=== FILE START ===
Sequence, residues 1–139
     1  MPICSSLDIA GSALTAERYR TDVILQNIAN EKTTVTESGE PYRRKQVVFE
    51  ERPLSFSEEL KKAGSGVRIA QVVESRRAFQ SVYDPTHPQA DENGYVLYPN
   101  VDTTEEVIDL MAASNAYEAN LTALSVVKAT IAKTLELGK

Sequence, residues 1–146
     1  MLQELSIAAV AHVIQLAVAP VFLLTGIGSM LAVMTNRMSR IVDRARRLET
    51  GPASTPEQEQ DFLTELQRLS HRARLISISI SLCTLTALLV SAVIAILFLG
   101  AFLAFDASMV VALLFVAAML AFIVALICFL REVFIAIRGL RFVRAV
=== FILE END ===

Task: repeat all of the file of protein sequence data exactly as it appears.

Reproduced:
Sequence, residues 1–139
     1  MPICSSLDIA GSALTAERYR TDVILQNIAN EKTTVTESGE PYRRKQVVFE
    51  ERPLSFSEEL KKAGSGVRIA QVVESRRAFQ SVYDPTHPQA DENGYVLYPN
   101  VDTTEEVIDL MAASNAYEAN LTALSVVKAT IAKTLELGK

Sequence, residues 1–146
     1  MLQELSIAAV AHVIQLAVAP VFLLTGIGSM LAVMTNRMSR IVDRARRLET
    51  GPASTPEQEQ DFLTELQRLS HRARLISISI SLCTLTALLV SAVIAILFLG
   101  AFLAFDASMV VALLFVAAML AFIVALICFL REVFIAIRGL RFVRAV